Editor’s note: Compiled from reports to Tacoma police and the Pierce County Sheriff’s Department.
June 2: The staff at Tacoma General Hospital told the man it was time to go. The man, 44, didn’t agree. He threw a chair. He threatened more violence.
Two Tacoma officers drove to the hospital. They spoke to the head of hospital security and a social worker.
The workers said the man started his odyssey at Swedish Medical Center in Seattle. Admitted for for voicing suicidal thoughts, he was discharged three days later for bad behavior.
From there, he had moved to St. Joseph Medical Center in Tacoma. The stint didn’t last long. He took a bed at Smokey Point Behavioral Hospital in Marysville.
Smokey Point sent the man back to Swedish, who wouldn’t take him. The man returned to St. Joseph. He was removed and sent to Recovery Response Center in Fife, where he claimed to have a headache. He was sent back to St, Joseph’s but this time the hospital refused to admit him.
The road trip ended at Tacoma General, where the man behaved aggressively and refused to cooperate with staff. The head of security finished the story, and told the officers the man had to go.
The officers spoke to the man and told him he had to leave.
“I refuse,” the man said.
Told again that he had to leave, the man balled his fists.
“I am not leaving.”
The argument lasted a few more rounds before the officers told the man he was under arrest.
“I don’t care.”
In the patrol car, the man said he wanted to kill himself. The officers booked him into the Pierce County Jail on suspicion of trespassing, and relayed his words.
June 4: The mail thief didn’t try to hide.
He walked along Mountain Highway East in Spanaway, carrying a stack of envelopes and checking mailboxes one by one. A 911 caller in a truck spotted him and kept an eye on the man as he approached a set of truck scales in the 22700 block. The man walked behind the scale house and started opening mail.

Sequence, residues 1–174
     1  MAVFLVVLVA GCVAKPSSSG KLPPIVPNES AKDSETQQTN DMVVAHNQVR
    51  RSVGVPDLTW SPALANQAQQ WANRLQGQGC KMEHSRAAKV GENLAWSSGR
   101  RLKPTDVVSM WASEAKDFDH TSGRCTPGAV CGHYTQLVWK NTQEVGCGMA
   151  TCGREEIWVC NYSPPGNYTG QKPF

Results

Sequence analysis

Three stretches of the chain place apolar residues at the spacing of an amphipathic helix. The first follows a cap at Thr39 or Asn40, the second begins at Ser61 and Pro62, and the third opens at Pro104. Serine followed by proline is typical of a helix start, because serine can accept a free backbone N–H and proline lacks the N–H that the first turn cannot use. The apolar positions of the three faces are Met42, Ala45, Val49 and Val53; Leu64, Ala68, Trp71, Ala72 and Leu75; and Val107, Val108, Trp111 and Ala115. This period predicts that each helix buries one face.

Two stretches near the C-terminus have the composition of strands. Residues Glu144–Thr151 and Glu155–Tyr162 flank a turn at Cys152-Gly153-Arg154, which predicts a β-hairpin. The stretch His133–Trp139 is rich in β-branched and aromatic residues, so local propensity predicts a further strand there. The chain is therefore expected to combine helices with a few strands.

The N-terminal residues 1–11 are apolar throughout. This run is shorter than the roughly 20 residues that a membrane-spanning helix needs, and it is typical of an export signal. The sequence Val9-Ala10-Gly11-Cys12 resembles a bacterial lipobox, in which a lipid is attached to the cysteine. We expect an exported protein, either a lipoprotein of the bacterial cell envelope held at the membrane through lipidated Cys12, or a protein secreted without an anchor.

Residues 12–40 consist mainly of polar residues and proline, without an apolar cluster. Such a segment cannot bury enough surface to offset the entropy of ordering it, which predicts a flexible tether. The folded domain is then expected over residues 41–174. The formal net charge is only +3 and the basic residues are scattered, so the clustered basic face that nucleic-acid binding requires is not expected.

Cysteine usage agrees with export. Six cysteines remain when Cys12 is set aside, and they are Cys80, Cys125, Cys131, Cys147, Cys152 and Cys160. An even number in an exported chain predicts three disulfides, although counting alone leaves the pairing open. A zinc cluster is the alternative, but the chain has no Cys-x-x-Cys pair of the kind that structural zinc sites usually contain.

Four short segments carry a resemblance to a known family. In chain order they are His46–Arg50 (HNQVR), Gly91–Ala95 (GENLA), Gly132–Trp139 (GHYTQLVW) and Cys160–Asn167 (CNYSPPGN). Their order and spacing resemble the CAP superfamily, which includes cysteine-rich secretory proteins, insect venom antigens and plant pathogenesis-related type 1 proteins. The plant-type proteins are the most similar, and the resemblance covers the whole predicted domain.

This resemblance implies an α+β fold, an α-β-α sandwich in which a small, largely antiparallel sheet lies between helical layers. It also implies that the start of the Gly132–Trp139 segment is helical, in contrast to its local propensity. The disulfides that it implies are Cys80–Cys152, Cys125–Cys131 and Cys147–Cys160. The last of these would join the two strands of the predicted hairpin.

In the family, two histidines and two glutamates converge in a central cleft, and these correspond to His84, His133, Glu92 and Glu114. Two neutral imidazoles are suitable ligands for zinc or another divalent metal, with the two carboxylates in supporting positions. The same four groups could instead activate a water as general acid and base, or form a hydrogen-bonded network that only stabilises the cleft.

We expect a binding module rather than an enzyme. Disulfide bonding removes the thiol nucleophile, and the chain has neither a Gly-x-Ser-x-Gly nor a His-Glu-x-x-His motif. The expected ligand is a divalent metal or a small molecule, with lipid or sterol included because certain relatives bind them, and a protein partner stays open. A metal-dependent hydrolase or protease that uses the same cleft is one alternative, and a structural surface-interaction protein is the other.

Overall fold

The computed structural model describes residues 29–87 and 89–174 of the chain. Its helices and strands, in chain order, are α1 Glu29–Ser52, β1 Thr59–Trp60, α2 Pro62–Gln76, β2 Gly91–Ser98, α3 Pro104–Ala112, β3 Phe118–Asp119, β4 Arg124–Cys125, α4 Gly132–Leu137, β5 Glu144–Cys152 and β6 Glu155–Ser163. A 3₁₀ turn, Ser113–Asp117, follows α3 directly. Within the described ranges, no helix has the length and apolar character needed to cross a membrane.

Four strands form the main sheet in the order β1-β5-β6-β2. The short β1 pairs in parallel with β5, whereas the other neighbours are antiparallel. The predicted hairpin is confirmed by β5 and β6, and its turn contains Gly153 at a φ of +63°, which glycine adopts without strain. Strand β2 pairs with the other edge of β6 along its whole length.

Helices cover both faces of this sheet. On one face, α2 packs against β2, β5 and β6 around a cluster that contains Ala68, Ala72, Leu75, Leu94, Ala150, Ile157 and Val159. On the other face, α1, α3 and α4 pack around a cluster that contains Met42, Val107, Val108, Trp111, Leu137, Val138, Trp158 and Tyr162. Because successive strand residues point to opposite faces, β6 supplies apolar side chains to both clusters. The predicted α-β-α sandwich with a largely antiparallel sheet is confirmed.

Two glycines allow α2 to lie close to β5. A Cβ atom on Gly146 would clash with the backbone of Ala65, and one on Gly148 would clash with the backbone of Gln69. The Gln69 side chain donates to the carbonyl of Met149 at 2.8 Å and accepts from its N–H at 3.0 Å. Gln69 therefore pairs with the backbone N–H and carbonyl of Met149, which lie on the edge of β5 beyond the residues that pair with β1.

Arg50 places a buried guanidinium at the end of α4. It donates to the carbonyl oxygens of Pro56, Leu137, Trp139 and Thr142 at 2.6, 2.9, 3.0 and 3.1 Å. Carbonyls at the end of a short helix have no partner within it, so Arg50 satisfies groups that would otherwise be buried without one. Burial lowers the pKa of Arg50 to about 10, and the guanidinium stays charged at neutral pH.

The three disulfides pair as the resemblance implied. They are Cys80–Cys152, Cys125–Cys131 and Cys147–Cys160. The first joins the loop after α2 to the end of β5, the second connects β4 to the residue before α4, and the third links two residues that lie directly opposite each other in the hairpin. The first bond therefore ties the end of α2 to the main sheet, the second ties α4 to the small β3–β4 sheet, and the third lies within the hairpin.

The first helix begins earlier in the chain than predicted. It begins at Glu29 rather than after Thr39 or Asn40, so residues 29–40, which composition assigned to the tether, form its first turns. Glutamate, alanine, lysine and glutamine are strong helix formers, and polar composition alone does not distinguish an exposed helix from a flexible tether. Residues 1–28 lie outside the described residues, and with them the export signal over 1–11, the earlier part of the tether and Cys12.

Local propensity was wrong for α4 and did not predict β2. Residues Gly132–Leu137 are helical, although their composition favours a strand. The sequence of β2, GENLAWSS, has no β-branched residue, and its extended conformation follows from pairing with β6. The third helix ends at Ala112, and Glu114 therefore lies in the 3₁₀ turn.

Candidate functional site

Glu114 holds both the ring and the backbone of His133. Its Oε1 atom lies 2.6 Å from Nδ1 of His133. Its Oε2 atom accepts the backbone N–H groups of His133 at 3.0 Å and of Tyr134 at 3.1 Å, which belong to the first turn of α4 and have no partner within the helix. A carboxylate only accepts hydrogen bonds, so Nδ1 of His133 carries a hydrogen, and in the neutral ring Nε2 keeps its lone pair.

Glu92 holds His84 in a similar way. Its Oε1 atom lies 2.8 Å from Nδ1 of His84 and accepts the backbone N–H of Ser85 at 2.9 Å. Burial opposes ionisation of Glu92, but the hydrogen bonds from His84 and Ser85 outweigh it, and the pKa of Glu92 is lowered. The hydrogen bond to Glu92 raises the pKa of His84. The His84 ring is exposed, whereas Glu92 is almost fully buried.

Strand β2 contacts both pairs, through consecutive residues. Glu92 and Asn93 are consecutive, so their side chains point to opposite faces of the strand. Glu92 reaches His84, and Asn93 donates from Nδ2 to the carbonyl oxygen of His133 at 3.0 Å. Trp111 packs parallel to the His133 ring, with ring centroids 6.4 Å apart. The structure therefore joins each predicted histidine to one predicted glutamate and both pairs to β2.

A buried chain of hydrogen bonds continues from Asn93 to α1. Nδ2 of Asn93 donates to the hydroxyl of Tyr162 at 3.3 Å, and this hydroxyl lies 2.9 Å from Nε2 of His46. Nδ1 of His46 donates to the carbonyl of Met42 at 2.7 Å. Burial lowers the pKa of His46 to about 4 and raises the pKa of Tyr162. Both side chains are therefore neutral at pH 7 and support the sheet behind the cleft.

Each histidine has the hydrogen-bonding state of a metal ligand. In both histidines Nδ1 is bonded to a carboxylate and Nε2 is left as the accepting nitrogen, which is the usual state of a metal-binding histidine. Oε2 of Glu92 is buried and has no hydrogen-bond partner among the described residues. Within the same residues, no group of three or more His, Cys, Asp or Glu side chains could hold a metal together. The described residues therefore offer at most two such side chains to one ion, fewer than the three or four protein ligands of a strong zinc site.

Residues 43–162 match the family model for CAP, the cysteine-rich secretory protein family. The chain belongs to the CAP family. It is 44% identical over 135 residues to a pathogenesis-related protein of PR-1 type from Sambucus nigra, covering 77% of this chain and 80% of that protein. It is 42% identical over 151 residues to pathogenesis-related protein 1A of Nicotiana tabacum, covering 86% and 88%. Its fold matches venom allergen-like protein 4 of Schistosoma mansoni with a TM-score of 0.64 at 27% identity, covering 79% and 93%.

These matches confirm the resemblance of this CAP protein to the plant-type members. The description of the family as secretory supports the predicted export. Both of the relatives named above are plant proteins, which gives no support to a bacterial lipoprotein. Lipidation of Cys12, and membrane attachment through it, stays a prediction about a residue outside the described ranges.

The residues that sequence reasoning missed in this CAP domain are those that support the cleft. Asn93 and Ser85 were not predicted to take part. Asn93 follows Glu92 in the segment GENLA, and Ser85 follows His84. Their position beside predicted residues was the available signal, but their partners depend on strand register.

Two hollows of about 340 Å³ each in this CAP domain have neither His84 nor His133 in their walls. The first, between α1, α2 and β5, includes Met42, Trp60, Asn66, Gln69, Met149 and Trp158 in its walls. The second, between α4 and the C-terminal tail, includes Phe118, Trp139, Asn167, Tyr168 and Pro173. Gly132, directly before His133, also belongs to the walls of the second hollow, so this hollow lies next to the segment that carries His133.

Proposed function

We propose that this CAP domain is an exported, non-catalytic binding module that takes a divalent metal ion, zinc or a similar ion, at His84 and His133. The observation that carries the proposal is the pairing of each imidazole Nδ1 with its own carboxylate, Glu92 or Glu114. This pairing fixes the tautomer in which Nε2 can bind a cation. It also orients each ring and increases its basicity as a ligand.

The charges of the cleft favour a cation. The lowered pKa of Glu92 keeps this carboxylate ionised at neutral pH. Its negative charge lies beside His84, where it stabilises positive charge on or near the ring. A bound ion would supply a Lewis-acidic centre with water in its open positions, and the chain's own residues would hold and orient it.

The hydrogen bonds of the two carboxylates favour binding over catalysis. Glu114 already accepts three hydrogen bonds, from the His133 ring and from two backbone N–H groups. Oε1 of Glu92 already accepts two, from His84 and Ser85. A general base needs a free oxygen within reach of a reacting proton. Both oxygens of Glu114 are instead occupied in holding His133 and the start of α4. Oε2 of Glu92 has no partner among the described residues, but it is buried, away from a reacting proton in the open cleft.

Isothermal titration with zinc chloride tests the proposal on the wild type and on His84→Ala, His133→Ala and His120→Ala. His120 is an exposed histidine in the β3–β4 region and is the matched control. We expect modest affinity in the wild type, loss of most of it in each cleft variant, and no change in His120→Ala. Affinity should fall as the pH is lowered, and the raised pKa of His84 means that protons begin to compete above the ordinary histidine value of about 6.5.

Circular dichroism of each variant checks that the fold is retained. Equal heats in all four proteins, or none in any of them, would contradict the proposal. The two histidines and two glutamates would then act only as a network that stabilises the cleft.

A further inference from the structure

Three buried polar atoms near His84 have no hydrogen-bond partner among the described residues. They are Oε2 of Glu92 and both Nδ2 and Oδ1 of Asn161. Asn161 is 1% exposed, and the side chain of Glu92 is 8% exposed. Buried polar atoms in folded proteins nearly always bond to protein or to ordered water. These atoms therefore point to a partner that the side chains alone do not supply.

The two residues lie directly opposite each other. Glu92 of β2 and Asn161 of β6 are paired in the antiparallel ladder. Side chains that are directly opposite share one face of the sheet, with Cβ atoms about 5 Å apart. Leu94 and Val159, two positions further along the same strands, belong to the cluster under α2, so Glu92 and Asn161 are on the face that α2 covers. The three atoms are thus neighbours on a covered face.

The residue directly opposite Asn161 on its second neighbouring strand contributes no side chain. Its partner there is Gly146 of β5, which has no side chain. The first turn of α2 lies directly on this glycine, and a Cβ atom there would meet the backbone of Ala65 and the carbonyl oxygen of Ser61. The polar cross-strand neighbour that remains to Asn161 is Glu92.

A sheriff’s deputy arrived, startling the man and telling him to drop the envelopes.
“What did I do wrong?” the man shouted.
The deputy said the man had been stealing mail and he was under arrest. The 911 caller watched the short wrestling match that followed.
The man, 37, carried a pair of glass pipes for smoking meth. He said he suffered from seizures and the deputy couldn’t take him to jail.
The deputy knew the man from previous encounters, including a recent arrest for domestic violence. He said medical help would come if the man seized, but why smoke meth if he had seizures?
The man said he smoked because he was homeless.
The man said he found a bag of mail by the truck scales and started looking through it. The deputy said the man had been seen taking envelopes out of mailboxes.
The deputy gathered the stolen mail. He found 24 pieces addressed to 12 different people, and took them to a nearby post office. The man was booked into the Pierce County Jail on suspicion of mail theft, possession of drug paraphernalia and an active arrest warrant out of Sumner.
June 5: The woman kept coming back to the boarded up trailer. The landlord was tired of it.
A sheriff’s deputy responding a report of an unwanted person drove to a mobile home park in the 16200 block of A Street South. The landlord spoke to him, and told a story.
He had evicted a tenant a month earlier. The man’s girlfriend and another woman kept breaking into the empty trailer, despite the boards and the no-trespassing signs.
As the deputy listened, he noticed a woman run from the front door of the trailer. He chased her, and found her crouching by a tree.
The woman cried and asked why she was being detained. She held up her hands. The deputy cuffed her. She identified herself.
Why did she run?
The woman, 24, said she didn’t want to deal with the situation.
How did she get inside?
She climbed in through a window, she said. The man the landlord evicted was the father of her children. The eviction was wrong, she said. She came back to get her things. The landlord was a slumlord, she said.
The deputy entered the trailer. He saw a syringe on the bed, and blackened tinfoil: tools for smoking heroin.
Returning to the woman, he asked her address. She said she was homeless.
Was she using heroin?
For the past year, the woman said.
The deputy returned to the landlord. Had the woman ever lived in the trailer?
The landlord said no. Sometimes she came to babysit her kids, but that was all, and the state had taken them away. He said he had taken items from the trailer and placed them in storage after the eviction, which he always did.
The landlord showed the deputy the lease agreement. The woman’s name didn’t appear. The deputy booked her into the Pierce County Jail on suspicion of burglary.